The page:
We also noticed that in this area, when the Camino crosses a road, a patterned inset in the road makes drivers more alert to potential pilgrims crossing.

We began walking along the road, still in the fog as we approached Sarria.

We stopped for breakfast just before Sarria and chatted with Yvonne, a young lady from Hamburg, Germany. She was a real estate agent and had begun her Camino in Burgos on September 1. She’s averaged around 25 km per day which will put her in Santiago in about 4 more days. We left while she was still eating and said our Buen Camino’s.

We walked into Sarria (pop. 13,590) and followed the Camino markers through a relatively unattractive part of the city.

Sarria is a major starting point for those wishing to do the minimum 100km to receive a Compostela. The infusion of new pilgrims can drastically change the character of the experience of other pilgrims (who have been on the Camino for a while) as beds become scarce and groups enter the Camino who may be less familiar with pilgrim etiquette.

Yvonne caught up with us halfway through Sarria just as we were about to take an alternate route (and shortcut) through town to avoid a very steep up and then very steep down section which we endured in 2015, but avoided when we discovered the alternate route in 2017. Yvonne opted (as she should) for the main route since this was her first Camino.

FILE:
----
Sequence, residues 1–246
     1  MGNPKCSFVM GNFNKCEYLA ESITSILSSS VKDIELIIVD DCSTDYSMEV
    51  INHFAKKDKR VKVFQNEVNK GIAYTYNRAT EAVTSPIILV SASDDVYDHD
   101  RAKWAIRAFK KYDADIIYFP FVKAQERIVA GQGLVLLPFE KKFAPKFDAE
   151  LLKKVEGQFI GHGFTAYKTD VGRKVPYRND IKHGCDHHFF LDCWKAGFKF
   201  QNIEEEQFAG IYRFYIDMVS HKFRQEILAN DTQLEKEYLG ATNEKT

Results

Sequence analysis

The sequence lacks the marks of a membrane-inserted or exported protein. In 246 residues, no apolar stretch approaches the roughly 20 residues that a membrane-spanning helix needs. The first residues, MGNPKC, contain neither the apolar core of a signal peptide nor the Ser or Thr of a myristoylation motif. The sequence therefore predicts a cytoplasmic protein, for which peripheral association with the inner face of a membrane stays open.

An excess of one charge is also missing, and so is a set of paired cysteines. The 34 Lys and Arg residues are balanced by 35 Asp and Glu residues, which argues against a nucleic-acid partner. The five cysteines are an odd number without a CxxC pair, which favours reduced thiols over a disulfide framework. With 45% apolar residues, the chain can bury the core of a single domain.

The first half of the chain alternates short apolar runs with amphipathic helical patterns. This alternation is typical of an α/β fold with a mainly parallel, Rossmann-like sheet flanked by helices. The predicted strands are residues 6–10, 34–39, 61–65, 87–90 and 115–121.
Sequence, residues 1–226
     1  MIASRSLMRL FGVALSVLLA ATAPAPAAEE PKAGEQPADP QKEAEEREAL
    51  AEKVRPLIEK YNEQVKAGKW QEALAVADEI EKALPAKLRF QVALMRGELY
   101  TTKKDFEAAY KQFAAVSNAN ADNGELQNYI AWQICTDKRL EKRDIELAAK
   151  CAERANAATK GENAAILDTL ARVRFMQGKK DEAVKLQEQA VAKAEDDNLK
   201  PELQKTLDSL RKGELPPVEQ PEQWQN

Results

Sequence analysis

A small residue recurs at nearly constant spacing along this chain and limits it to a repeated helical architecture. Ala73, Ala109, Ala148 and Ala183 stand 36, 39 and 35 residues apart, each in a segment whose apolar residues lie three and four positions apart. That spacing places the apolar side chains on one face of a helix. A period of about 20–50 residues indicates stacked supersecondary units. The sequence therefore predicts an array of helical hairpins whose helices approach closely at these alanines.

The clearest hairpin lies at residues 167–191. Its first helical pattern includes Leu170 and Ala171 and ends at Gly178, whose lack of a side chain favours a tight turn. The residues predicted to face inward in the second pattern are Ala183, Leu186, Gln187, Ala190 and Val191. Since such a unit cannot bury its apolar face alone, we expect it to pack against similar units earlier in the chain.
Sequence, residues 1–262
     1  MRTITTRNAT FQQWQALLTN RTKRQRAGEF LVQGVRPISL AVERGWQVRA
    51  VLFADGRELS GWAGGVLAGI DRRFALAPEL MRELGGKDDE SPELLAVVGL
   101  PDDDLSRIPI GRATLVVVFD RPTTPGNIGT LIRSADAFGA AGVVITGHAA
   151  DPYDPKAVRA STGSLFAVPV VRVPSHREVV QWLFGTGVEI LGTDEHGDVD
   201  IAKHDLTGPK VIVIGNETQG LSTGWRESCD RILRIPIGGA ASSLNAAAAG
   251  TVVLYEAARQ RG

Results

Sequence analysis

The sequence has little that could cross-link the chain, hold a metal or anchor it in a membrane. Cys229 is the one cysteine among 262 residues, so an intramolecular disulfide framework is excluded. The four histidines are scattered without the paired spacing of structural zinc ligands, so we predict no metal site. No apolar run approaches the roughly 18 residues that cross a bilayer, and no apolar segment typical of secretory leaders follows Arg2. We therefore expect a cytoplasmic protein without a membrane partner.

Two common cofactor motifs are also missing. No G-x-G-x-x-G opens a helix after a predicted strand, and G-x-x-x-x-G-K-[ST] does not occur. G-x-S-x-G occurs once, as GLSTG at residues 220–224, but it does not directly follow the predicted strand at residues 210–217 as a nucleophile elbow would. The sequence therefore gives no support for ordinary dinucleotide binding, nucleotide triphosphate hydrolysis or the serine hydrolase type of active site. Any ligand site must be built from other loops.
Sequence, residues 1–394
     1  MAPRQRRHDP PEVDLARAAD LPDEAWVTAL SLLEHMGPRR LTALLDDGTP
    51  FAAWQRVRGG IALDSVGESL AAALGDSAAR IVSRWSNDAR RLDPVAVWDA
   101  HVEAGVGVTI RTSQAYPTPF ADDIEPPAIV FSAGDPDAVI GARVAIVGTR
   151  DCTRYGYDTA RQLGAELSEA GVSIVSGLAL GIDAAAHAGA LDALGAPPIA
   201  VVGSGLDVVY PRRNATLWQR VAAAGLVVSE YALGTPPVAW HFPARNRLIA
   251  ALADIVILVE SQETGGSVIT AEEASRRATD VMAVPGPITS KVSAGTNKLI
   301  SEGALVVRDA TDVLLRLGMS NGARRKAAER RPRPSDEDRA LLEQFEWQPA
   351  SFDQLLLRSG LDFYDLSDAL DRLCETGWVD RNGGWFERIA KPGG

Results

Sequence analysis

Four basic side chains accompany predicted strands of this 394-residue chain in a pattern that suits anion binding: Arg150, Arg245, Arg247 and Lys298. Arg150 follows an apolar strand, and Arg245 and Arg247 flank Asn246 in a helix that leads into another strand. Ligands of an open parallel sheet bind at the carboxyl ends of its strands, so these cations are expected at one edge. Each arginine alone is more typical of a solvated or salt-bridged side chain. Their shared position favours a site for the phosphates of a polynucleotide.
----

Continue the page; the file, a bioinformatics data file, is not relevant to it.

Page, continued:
Yvonne waving as we took different routes through Sarria

We parted once again, but as we reached the merge point of the two routes, we looked back and there was Yvonne catching up to us again.

Yvonne bashful about having her picture taken

We waited for her, and walked a short distance together, wishing each other the best and then parted company, probably, finally this time, having enjoyed each other’s company in such a delightful way. Such is the Camino.

Shortly after leaving Sarria, the dirt path took an abrupt turn over a small creek then climbed upward at a very steep grade. We were passing through a very old forest, evidenced by the very old trees lining the path. Some of the trees were very distorted but beautiful and majestic in their own way. We finally reached the top and walked a short distance into Barbadelo (pop. 342) where we stopped for a light lunch of tortillas and bread, anticipating a full meal tonight at dinner.

We reached the tiny hamlet of Rente and Casa Nova de Rente (33€) at noon and waited in the parlor until our room was ready.

Dinner was prepared by the lady of the house and her daughter. We watched her gather

lady of the casa and chef

the lettuce, tomatoes from her garden, then watched her prepare a delicious salad, lentil soup, beef stew, potatoes fresh bread, local red wine and cheesecake for dessert. Our dinner companions, Ted and Diedra from Connecticut were walking to Santiago from Ponferrada to celebrate their 50th wedding anniversary.

We ate in the kitchen rather than the dining room which seemed to really please the chef, who spoke zero English.

Totally stuffed, we climbed the stairs and called it a night.